A senior manager of the Murray Darling Basin Authority refuses to concede that river bank overflows at a time when NSW Murray Valley irrigators had no access to their water allocations to grow food is squandering an important resource.
The authority’s executive director of river management Andrew Reynolds was in Deniliquin recently to discuss the MDBA’s conveyance report with district stakeholders.
The report indicated water losses so far this water year were 665 gigalitres, and were projected to be between 850 gigalitres and 1000 gigalitres by the end of May.
In the Murray Valley, those overbank losses amount to at least 300,000 megalitres, which would underpin significant food and fibre production.
When asked by the Southern Riverina News how the MDBA could justify the losses in the local area, Mr Reynolds’ first response was ‘‘it is not wasted water’’.
‘‘Every season is different,’’ Mr Reynolds said.
‘‘While New South Wales general security (irrigation allocation) is zero, we do still need to run the system to those with allocations as needed.
‘‘With low tributary inflows we have had to use the Hume Dam.
‘‘It is not necessarily a common circumstance, but it does happen.
‘‘In this instance putting water in the forest is about meeting consumptive need.’’
Mr Reynolds also reportedly made a number of other ‘‘astonishing admissions’’ when meeting with community and farming groups in Deniliquin.
He reportedly acknowledged the MDBA is sending vast amounts of water to support an unnatural environment because that is what it has been told to do.
It admits this is having an adverse impact on upstream sections of the Murray River, but the approach is unlikely to change.
It has also finally agreed with the long-held claim of advocacy groups that the Basin Plan has a freshwater solution at the end of the system, despite these historically being estuarine waters.
Farmers from the Southern Riverina say they have been stunned by what they believe is an unacceptable waste of precious water resources.
Berrigan farmer Graeme Pyle, a long-time advocate for effective water measuring across the entire basin, said he was ‘‘absolutely staggered’’ at the admission by Mr Reynolds that total water volumes which flow down the Murray River are only measured to ‘plus or minus 20 per cent’.
‘‘On four million megalitres, that could be a difference of 800,000 megalitres and that’s a massive amount of water which is not accounted for,’’ Mr Pyle said.
‘‘He also admitted to a rolling slush fund, or volume of water, identified after the water year which may be an additional 300,000 megalitres.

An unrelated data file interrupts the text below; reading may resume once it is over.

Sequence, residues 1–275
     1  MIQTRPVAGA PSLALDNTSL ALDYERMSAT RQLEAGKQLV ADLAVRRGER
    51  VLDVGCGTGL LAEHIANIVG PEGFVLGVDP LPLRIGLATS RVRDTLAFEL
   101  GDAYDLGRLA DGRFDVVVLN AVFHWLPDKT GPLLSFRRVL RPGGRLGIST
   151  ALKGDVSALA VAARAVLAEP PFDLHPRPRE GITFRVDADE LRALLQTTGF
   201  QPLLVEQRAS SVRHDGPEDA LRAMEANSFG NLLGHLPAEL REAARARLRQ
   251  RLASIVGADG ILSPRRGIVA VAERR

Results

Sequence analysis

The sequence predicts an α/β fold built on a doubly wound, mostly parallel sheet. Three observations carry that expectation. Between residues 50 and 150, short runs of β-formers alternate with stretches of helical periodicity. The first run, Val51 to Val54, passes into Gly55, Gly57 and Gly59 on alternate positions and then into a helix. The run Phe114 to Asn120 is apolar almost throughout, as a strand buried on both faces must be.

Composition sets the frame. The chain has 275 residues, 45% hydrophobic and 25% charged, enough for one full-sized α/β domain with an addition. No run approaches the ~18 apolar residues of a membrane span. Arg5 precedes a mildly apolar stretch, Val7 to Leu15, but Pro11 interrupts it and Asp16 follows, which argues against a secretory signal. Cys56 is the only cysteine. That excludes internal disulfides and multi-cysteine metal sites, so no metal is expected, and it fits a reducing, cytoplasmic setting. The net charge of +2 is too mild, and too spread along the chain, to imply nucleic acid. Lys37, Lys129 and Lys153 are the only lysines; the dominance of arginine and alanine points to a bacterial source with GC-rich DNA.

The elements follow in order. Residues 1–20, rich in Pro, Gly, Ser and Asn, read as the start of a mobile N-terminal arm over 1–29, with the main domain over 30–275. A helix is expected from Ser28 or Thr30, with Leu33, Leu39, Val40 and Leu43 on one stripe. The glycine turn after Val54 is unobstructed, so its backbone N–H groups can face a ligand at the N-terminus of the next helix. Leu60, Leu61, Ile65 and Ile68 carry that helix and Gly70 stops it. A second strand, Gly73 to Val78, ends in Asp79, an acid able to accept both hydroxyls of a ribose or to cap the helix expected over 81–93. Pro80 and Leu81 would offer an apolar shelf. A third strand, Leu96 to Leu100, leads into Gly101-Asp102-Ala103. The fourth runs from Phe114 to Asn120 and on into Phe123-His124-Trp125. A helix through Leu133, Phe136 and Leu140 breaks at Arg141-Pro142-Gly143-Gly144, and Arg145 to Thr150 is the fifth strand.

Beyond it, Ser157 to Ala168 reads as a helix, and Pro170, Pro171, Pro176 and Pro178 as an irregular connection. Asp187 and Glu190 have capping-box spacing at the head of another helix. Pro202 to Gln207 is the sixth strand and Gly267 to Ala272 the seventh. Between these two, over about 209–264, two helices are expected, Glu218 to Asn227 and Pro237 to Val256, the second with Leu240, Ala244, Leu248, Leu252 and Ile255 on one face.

‘‘So is it any wonder we don’t have any water here in the Murray Irrigation region.’’
Mr Pyle added there were no excuses for poor water measurement in the 21st century, with instruments available to measure and transmit volumes in real time to anywhere in the world at plus or minus five per cent.
‘‘You cannot manage what you do not measure, and it is clear the MDBA is not efficiently managing our precious water resources. We must highlight these inadequacies, because if we don’t the politicians and bureaucrats in ‘water world’ are none the wiser,’’ Mr Pyle said.
Southern Riverina Irrigators chair Chris Brooks, who also attended the MDBA briefing, said he too was disappointed with what he heard about the MDBA’s river management.
‘‘They do not appear to take responsibility or be accountable for losses or damage to either the environment or our economies. For the MDBA, it’s simply a matter of following the rules and sending huge volumes downstream, regardless of the consequences,’’ Mr Brooks said.
‘‘There has been an issue for a long time about the MDBA’s refusal to acknowledge negative impacts of the Basin Plan and how it is implemented, and this is another example.’’
Mr Brooks said he would be seeking further advice on how to get improvements in the efficiency of water use and flows, but in the interim he believed it was a positive that Mr Reynolds and the MDBA have accepted that:
●The volume of the natural constraint at the Barmah Choke was less than 8,000 megalitres/day.
●The flow rate was above 9,500 megalitres/day as indicated in his report, and often closer to 14,000 meg/day, which was a loss of six gigalitres a day.
●The flows above 9,500 meg/day occurred for a period of at least 141 days.
●This equates to an additional loss to the MIL region of 846,000 megalitres.
‘‘I indicated this was about $400 million worth of productive water from our region, lost by the MDBA to supply downstream users who were not responsible for any losses and could, with the stroke of a pen, transfer their ownership back up-river from Lake Victoria to Dartmouth Dam,’’ Mr Brooks said.
‘‘I find this an unacceptable situation that must be rectified, in the name of common-sense, protecting our communities and maximising the available water instead of wasting it.
‘‘I also find it incredible that the river operations manual for the MDBA does not mention ‘efficient operation’ in the top three priorities of its ‘objectives and outcomes’, and that ‘caring for the environment’ is also not included in these priorities.’’